Golden Thread The Plantation Mistress: The Misrepresentation and Myth of the "Southern Belle"

amweiner

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That might be a stretch...just maybe kinda sorta. :smile:
Ok, let me elaborate a bit. I think the times certainly were enough to try the sanity of anyone, even the most patient, wise people.

However, we can't overlook the possibility that some relied on entirely healthy coping mechanisms or that some people were just tremendously resilient. Not all traumatic events destroy everyone in their path - we need to learn more from people in the past and present about how to boost protective factors against things the mind isn't designed to experience.
 

Dedej

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That might be a stretch...just maybe kinda sorta. :smile:

It most likely is.. :smile:

But, I know I wouldn't be mentally healthy and I would be sadly be someone who would have become addicted to something.

Luckily, I own my own business - because I take mental health days a few times a week. I am no good when stressed or around bad energy. So, I know I wouldn't have lasted long in those times. I am nothing like my ancestors.
 

Nathanb1

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It most likely is.. :smile:

But, I know I wouldn't be mentally healthy and I would be sadly be someone who would have become addicted to something.

Luckily, I own my own business - because I take mental health days a few times a week. I am no good when stressed or around bad energy. So, I know I wouldn't have lasted long in those times. I am nothing like my ancestors.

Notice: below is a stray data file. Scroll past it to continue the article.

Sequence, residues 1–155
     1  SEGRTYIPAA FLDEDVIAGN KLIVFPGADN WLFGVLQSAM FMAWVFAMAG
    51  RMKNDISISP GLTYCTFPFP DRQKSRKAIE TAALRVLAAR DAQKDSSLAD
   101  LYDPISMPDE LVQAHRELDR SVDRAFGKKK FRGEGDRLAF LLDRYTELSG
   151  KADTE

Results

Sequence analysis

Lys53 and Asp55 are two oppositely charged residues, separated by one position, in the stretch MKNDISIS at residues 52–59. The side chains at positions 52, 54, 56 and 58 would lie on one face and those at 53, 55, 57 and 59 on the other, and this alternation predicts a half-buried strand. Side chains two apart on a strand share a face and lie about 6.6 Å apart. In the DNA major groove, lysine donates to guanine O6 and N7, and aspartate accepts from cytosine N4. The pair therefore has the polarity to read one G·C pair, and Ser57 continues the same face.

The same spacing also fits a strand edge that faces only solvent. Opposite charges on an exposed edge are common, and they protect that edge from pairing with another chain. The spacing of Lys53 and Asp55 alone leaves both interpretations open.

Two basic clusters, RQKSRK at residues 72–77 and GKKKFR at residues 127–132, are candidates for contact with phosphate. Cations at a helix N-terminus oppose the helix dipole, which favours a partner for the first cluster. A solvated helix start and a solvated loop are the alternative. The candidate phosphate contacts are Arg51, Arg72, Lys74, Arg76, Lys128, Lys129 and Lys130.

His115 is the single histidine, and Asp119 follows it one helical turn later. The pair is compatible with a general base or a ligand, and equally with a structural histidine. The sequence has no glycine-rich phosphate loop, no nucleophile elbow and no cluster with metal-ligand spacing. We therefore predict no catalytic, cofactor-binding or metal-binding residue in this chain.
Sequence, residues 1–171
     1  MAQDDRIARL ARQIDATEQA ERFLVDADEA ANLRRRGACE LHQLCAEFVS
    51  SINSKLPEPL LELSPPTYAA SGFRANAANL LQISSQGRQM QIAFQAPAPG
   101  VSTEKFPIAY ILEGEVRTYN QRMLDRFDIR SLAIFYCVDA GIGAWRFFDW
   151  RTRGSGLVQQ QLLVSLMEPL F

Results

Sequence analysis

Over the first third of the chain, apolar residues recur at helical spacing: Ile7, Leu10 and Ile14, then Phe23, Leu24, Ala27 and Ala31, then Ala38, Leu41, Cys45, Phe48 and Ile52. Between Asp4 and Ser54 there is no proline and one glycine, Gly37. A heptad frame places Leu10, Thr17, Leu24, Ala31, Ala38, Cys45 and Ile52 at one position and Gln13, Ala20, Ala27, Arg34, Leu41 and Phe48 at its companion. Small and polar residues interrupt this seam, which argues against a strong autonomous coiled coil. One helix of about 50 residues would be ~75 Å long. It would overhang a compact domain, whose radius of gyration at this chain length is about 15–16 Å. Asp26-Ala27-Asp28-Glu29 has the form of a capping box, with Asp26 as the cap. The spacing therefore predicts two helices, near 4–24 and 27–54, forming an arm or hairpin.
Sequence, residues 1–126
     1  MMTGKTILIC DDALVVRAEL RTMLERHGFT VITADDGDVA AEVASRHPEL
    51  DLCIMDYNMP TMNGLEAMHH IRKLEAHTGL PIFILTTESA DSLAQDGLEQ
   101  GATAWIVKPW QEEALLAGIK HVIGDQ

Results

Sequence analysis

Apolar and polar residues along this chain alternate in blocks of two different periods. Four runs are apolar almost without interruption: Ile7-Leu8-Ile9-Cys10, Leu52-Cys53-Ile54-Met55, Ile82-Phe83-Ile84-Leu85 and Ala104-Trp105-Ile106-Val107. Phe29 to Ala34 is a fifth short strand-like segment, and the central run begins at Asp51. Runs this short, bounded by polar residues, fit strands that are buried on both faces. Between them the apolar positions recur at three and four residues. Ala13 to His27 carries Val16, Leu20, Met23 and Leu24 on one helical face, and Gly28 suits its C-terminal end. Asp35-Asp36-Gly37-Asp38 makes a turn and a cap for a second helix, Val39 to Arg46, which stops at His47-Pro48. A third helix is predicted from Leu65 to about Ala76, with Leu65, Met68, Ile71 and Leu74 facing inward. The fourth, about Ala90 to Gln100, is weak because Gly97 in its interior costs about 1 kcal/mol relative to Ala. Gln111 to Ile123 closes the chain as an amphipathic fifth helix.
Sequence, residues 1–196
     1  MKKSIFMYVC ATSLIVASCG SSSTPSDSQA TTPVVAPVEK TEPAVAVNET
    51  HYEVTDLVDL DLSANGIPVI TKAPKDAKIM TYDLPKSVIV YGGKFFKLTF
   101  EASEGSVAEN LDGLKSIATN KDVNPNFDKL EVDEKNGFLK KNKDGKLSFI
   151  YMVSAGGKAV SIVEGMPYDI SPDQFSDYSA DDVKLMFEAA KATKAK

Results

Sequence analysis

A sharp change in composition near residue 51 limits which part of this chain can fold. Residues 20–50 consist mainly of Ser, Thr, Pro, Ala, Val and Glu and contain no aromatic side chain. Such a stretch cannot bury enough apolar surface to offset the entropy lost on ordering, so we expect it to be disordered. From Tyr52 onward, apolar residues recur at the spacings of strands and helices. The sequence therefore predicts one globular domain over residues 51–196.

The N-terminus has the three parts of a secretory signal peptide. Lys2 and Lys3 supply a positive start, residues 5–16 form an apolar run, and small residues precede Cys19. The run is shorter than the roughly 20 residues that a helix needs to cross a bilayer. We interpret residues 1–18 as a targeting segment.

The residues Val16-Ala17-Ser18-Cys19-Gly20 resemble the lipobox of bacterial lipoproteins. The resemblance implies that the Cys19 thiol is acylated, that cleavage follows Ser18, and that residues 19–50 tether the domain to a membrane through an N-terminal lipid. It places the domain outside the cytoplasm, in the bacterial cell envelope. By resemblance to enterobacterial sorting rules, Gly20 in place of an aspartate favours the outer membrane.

Luckily none of us have to be. Heck, I'm stressed about going to the river in a couple of weeks... will there be snakes? Scorpions? Enough food? Enough water in the river? Sure the plumbing works? Snakes?
 
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And how were these ideals spread? Was it mainly via print, books or social gatherings? I guess I'm asking - how did they all get on the same page of trying to emulate or portray some of those ideals?

I look forward to hearing more on this from @amweiner, but as a self-professed lover of Victorian era literature, I have found that for the most part it portrays a completely ideal life. Of course that makes sense to some degree because it was a fairly idealistic age. Victorian poets and novelists commonly intertwined the notion of truth, justice and love in their writings. While they didn’t shy away from developing characters that had difficult lives, they still managed to idealize them by almost always showing that hard work, perseverance, love and luck ultimately won out in the end. They fused romance and realism into a style of writing that all too often glorified the past. So yes, I think these ideals were spread in large part through print. This is a fascinating topic @Dedej!
 

amweiner

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The first time I ever had a serious pain killer, I was absolutely amazed at how good I felt. Not just from the pain relief ~ I didn't care about anything anymore. I was the definition of "comfortable".

I could see people turning to opiates back then. Heck, there are days where I think, "Why am I doing this sober?" I can't imagine what a war torn population had to wrestle with.
Not to drift too far afield, but years ago my parents were being asphyxiated by a leaky gas generator. My mom knew something was wrong when my dad broke his ankle from falling and she didn't care.

I'm guessing that not caring got extended to family and those who were enslaved as well.
 

Dedej

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Not all traumatic events destroy everyone in their path - we need to learn more from people in the past and present about how to boost protective factors against things the mind isn't designed to experience.

Very true. I just wonder how one did that back then? So many factors that pushed against the healthy life and mind.

I am very into lots of silence, meditation, prayer and ....gyrotonics/hot yoga :happy:.
 

Dedej